He eventually responded by digging up their vegetable garden and savaging their car! They have small grandchildren and just couldn’t take the risk. They were obliged to call in the mairie who arranged for a special dispensation for an out of season hunt to kill the culprit.
According to law, because the boar was shot on their land, they were given half of the beast to put in their freezer, but don’t have the heart to eat it, as they feel so bad about having the poor animal hunted down and destroyed. It’s a predicament for animal lovers. You hate the idea of killing an innocent animal, but can understand that in certain circumstances, it would be crazy and irresponsible not to act to get rid of it.
The leaves are still clinging comfortably to the trees, and autumn colours feel far away, although greeny yellows are beginning to replace the emerald green summer scene and I supect that a few days of wind and rain will quickly take us into autumn.
A friend of ours in Saint Cyprien had an alarming mushroom experience last week. He actually woke up in the middle of the night IN THE MIDDLE OF THE PORT actually in the water…. and has no idea how he got there.
More on this breaking news as information comes in. We all had a good laugh but in fact, he could very easily be no longer with us. Dangerous sport this mushroom hunting lark!
Sunday 23rd October
It’s warmer again today and clear as a bell looking towards the coast, but moody with heavy cloud looking over towards Spain. It’s only 8.30 am so I wonder which one is going to win – it’s either going to be a beautiful day here – or a gloomy one, but not a problem as we can always head for the coast, a 15 minute drive, if we need our sunshine fix.
To continue the mushroom story of last week, our friends went mushroom hunting (bearing in mind that they DO actually know what they’re doing) and made themselves a delish mushroom dinner that evening in their home on the port.
The next thing Philippe remembers is waking up, in the water in the middle of the port at midnight!
He managed to swim to the edge and drag himself out, but when he tried to wake his sleeping wife, she told the dripping hallucinant that he hadn’t fallen into the water, he was just very sweaty…..and went back to sleep, waking up with a massive hangover herself.
Both of them were quite shocked, and moderately ill. They hadnt been drinking. He has no idea how he ended up in the water – it’s all a blank!
Wow! Quite frightening and proof that mushrooms are not such ’fun guys’ to be with! We still giggle about it now, but in fact, it really could have been very serious and it’s a warning to anyone who picks and eats mushrooms that it doesn’t matter how much you know or how sure you are, you can never be too careful. Personally, I buy all my mushrooms at the supermarket to play it safe, and just take photos of them!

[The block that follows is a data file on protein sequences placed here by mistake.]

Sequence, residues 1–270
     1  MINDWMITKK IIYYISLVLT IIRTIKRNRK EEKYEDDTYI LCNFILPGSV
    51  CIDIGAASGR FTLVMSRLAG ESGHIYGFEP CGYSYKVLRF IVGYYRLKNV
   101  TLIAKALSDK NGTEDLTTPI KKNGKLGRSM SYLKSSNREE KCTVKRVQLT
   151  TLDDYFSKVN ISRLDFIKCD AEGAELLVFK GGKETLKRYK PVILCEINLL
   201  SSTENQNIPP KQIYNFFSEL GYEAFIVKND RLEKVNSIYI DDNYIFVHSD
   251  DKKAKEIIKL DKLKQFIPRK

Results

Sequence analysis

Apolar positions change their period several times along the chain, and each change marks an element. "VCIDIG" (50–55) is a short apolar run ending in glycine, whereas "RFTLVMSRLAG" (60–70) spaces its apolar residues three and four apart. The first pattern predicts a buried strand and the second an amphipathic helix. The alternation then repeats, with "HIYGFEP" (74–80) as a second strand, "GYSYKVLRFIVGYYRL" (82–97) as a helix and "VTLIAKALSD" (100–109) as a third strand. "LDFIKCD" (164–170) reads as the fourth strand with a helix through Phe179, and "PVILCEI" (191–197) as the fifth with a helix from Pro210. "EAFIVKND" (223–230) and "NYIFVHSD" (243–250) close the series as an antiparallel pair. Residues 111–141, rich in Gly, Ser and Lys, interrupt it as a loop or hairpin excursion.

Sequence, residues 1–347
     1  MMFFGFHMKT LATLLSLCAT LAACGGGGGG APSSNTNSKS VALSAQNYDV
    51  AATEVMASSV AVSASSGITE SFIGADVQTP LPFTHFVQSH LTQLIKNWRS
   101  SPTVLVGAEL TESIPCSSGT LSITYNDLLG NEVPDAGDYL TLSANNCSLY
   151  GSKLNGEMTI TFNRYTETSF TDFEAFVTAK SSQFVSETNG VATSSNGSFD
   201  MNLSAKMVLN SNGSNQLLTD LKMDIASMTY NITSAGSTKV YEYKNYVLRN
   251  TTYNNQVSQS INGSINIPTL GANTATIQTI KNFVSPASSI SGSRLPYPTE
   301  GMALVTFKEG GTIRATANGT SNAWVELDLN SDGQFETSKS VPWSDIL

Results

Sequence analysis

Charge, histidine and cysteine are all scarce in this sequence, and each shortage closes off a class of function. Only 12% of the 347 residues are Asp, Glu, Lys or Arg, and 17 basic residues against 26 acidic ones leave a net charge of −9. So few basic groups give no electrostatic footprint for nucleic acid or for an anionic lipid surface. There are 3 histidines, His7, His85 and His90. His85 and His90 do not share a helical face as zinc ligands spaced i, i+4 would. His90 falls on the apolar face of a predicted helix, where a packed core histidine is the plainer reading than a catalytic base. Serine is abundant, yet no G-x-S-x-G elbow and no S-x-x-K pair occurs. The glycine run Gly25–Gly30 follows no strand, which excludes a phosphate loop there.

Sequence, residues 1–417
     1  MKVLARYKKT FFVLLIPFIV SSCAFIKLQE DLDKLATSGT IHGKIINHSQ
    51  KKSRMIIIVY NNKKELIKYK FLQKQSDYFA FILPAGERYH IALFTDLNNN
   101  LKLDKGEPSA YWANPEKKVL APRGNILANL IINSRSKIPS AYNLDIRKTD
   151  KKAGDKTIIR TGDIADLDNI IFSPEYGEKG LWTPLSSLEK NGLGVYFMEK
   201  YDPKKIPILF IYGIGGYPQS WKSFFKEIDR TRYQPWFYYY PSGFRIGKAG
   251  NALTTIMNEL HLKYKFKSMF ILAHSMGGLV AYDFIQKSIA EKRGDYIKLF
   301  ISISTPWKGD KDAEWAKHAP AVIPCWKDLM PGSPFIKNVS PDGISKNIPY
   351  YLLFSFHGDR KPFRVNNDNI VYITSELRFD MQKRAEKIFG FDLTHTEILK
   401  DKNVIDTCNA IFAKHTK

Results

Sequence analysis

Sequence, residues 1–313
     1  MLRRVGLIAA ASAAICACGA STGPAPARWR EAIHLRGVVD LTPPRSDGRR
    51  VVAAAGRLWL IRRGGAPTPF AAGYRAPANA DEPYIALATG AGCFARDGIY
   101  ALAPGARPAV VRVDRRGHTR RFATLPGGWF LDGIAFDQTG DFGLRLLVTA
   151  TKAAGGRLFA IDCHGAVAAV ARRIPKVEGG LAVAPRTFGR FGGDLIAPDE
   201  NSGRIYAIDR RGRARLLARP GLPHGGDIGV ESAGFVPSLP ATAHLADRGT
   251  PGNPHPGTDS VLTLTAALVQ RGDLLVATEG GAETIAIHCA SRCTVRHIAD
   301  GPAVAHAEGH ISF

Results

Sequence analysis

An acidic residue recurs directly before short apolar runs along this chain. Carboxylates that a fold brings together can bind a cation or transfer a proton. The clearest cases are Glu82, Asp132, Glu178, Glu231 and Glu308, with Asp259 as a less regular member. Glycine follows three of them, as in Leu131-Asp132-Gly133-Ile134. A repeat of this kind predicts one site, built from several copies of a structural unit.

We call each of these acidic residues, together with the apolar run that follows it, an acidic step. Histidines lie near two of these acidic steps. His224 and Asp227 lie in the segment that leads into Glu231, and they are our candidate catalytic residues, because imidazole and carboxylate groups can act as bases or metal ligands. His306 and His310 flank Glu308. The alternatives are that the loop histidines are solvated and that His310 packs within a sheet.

Friday 28th October
Bisou loved every moment of it (not) and hasn’t been out for a pee for nearly 24 hours! She spent most of yesterday evening trembling in my underwear drawer which, given that she smells like the fish they used to serve up in the canteen for school dinners, and also has a tendancy to pee on her feet when she’s goes out, is not a good thing.
Love may be blind but it doesn’t take away your sense of smell.
At 18h30 yesterday, Météo France recorded rainfall of 6 mm in Saint-Paul-de-Fenouillet, 97 mm Vives (80 mm in three hours) and 24 mm in Perpignan or 61 mm in le Perthus.
The pebbled area at the front of our house was completely flooded. I know I shouldn’t say it but I find it all rather exciting. Weather extremes fascinate me, as long as I can watch them through the window of a nice warm house that is! Weather like this means I can spend the day in front of my computer without feeling guilty.
For Olivier, rainy days mean pancakes, a throwback to a gourmet childhood and family holidays in Brittany, so husband and son set out to beat each other on the pancake eating front.
Score so far: Oliver: 14 Lucien: 11. Bisou and I just sit and watch and get thrown occasional scraps, Bisou because she’s diabetic and has a delicate tummy and me because I already look like a regular pancake eater!
Lucien has just cut his finger, giving us a chance to try out our new ’pansement liquide’ or liquid plaster. You pour it on and it hardens into a dressing, a barrier against infection.
The photos here show first the view from our house a couple of days ago when the weather couldn’t decide what to do with itself – you can see dark clouds in one direction but clear skies from another – and today’s soggy scene looking towards the totally obscured Pic Néoulous. Still quite warm though.